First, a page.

Rank 1's huge trance tune 'Airwave' has been championed by DJs from all over Europe, including Judge Jules, ATB, Ferry Corsten and DJ Taucher... Piet Bervoets and Benno De Goeij (aka Rank 1) hooked up at a friend's party 3 years ago and are both respected remixers/producers, having worked with System F, Cygnus X and DJ Jean.
Their biography at Last.FM claims that "they’ve continued to pack out the CD wallets of world’s A-list spinners with speaker-spankers..." but surely big-name DJs don't play CDs? Anyway, they have a decent track record of club hits but their first record as a duo remains their only mainstream hit. Apparently it's rated  as a classic by fans of the genre for reasons frankly beyond my ken (and I mean that as a self-criticism, rather than one of the record itself). At least the radio edit is tactfully brief, and doesn't have too much of the obligatory breathy female vocal.

Presumably they weren't aware of the slang meaning of the word "rank" in some parts of the UK.

Available on: Airwave

Saturday, 8 December 2012

Angelic 'It's My Turn'

Chart Peak: 11

Angelic are hot dance duo Amanda O'Riordan (aka Mrs Judge Jules!) and Darren Tate - Amanda previously trained as a graphic designer before friends persuaded her to take her soaring vocals into the studio, while Darren is a classically trained musician... UK smash 'It's My Turn' has been chosen as the lead track for the new youth-culture movie Brothers. 
No, I didn't either, but I looked it up on IMDB and apparently Brothers is a film about a pair of siblings who go on holiday to Greece and get drunk, based on the real-life experiences of the director and his brother. Starring: nobody I've ever heard of but apparently crediting 63 "associate producers", which I presume was an early form of crowdfunding.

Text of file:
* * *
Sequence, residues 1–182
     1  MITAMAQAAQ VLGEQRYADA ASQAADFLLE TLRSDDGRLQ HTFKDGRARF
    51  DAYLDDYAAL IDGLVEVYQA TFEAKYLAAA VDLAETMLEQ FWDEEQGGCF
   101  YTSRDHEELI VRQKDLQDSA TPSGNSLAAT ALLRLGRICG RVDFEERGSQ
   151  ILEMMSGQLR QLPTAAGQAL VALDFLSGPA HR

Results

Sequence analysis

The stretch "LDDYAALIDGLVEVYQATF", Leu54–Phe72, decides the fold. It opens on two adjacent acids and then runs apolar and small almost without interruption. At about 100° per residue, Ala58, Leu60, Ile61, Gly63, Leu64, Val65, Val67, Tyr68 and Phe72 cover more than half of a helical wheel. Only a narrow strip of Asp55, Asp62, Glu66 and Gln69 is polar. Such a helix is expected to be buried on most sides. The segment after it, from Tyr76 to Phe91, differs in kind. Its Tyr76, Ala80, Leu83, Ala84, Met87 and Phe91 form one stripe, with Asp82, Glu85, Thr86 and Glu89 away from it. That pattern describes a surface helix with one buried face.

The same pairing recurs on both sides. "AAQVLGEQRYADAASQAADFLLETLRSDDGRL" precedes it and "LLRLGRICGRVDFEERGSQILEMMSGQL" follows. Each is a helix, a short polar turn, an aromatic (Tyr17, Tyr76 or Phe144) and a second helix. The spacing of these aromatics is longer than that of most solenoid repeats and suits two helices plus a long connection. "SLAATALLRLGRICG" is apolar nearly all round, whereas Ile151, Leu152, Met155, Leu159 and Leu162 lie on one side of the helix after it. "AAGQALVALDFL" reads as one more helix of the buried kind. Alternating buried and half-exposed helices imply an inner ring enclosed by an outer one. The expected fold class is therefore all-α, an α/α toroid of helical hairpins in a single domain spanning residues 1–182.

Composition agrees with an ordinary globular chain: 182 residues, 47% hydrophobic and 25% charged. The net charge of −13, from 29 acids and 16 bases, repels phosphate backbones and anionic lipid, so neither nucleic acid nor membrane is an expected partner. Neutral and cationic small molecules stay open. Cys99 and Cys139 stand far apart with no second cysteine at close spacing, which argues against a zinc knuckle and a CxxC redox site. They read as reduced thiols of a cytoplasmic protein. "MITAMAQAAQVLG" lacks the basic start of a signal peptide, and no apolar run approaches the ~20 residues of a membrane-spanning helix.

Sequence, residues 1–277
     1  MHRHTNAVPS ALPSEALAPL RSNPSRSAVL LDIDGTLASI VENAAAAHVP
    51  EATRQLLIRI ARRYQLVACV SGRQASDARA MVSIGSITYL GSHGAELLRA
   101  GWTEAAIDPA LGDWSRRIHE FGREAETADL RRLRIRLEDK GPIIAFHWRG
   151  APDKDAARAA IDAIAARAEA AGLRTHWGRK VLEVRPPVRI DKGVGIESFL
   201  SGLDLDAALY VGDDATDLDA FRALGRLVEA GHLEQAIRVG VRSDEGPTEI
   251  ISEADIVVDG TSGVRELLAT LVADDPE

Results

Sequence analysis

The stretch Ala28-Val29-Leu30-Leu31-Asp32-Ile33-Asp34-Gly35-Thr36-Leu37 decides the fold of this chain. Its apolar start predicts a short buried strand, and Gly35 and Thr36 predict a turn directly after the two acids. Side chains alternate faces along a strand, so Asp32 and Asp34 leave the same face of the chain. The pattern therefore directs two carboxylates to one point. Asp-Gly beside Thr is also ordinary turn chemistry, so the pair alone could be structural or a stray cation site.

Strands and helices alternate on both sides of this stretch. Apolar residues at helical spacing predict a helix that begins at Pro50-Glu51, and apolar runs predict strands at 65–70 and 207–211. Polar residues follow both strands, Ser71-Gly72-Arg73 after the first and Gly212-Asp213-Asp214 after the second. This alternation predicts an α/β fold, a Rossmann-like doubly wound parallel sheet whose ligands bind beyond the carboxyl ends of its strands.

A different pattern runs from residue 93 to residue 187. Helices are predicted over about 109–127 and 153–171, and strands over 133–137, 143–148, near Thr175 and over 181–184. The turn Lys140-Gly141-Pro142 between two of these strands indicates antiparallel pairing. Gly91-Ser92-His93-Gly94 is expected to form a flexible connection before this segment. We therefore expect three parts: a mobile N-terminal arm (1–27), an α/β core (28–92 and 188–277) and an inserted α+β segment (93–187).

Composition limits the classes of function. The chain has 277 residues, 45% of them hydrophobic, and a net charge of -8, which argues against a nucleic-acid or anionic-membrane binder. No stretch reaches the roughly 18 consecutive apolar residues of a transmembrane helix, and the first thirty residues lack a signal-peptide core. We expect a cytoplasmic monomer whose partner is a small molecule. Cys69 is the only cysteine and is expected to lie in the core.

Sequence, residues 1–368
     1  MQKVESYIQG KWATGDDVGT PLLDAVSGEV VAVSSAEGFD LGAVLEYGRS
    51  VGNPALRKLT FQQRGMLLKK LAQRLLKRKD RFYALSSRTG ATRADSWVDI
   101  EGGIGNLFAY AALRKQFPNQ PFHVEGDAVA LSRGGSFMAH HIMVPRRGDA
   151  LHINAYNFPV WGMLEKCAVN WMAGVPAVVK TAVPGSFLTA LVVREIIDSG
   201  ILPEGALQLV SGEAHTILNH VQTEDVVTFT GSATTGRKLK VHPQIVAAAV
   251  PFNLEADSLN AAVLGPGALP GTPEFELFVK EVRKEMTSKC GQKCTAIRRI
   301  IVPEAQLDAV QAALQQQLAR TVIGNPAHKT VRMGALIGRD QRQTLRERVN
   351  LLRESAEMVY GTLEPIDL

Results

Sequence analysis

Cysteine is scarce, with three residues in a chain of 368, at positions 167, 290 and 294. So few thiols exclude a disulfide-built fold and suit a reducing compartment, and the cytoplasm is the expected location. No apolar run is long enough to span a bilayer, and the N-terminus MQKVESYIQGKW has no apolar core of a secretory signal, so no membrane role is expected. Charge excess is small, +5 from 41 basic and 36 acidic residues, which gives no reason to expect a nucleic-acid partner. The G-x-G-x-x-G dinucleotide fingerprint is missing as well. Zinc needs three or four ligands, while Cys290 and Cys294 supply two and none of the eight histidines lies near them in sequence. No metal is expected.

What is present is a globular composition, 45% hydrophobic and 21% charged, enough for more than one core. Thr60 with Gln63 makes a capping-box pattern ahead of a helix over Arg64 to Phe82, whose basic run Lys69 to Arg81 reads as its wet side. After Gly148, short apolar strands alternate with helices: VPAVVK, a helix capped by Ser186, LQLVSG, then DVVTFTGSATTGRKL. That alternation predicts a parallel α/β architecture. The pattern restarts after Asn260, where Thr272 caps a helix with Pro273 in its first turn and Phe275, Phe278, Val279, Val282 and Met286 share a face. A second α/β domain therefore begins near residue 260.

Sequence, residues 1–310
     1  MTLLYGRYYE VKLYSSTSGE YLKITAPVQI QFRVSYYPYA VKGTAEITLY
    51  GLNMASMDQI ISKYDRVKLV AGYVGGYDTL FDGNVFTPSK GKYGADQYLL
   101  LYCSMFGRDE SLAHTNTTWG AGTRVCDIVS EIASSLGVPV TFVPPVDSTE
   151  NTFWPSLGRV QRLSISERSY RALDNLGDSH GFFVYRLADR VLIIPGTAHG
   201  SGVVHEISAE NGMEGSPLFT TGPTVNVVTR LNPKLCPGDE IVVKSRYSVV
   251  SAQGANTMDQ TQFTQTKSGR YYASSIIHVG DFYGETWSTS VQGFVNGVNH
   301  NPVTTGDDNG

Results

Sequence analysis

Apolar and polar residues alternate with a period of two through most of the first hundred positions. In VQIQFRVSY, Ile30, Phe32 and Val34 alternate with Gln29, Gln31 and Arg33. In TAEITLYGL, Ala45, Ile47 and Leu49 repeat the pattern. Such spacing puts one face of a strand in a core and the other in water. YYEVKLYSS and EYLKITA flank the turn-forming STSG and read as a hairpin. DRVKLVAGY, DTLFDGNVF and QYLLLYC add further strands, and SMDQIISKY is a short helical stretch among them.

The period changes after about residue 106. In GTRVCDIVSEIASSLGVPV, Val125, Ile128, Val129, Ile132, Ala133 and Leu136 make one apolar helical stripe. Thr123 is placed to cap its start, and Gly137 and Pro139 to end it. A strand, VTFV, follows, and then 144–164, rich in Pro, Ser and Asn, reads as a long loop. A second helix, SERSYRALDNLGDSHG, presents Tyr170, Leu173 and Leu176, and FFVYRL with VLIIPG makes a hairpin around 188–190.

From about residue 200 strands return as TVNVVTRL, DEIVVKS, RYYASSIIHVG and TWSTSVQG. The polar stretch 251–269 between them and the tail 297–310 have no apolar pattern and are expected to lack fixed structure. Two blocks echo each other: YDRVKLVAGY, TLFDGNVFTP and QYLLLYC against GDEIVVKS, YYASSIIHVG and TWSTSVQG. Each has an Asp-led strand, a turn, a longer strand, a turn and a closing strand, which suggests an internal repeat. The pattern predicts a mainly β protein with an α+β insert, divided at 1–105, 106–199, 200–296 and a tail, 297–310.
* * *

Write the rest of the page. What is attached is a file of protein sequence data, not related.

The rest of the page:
Anyway, the song is somewhat less forgotten than than the flick, although I thought I remembered Judge Jules himself being part of the act. Maybe he was and wasn't credited for contractual reasons but either way this sounds like the sort of thing he'd have appreciated and played even without any personal connection to it, a sort-of-uplifting house track that doesn't seem brave enough to be camp. Mrs O'Riordan isn't that great a singer to be honest, and if YouTube commenters are to be believed she gained a lot from studio technology, but she's good enough for the song.

Available on: Ibiza [Explicit] [+digital booklet]

Friday, 7 December 2012

Alice Deejay 'Will I Ever'

Chart Peak: 7


Alice Deejay, winner of the "Best Chart Act" gong at the Dancestar 2000 awards, release their latest single 'Will I Ever' on July 3rd... The band first pounded the UK charts with their infectious trance sound in 1999, with huge debut 'Better Off Alone' and collossal follow-up 'Back In My Life'.
I'm tempted to make a joke at this juncture suggesting that Alice Deejay's singer Judy Pronk should hook up with the actor Ken Stott, but I'm not sure anyone would get it.

Anyway, this was the third of the act's five Top 40 (indeed, Top 20) hits, but finds them with the typical pop-dance problem of diminishing returns, each single peaking lower than the one before. It is at least a form of dance that's easier to appreciate outside a club environment: indeed I don't know whether any cool DJ would have touched it with a bargepole, but at least there's a song there that schoolkids could sing along to. Not the peak of even their career but passable.

Also appearing on: Now 43, 44
Available on: Who Need Guitars Anyway?

Thursday, 6 December 2012

Southside Spinners 'Luvstruck'

Chart Peak: 9


Marco V and Benjamin are DJ/producers based in the Netherlands, who have been an influential force in the Dutch dance scene for over two years... 'Luvstruck' is their debut single release as the Southside Spinners, for which they teamed up with vocalist Janny.
The song seems already to have been a couple of years old at this point, but was revived after featuring prominently in the film Kevin And Perry Go Large. Janny is rightly credited here as a vocalist, rather than a singer, since her contribution is entirely spoken and groaned in a way that's presumably supposed to sound sexy. In fact it's more creepy, especially in the context of the video, though that probably wasn't the intention.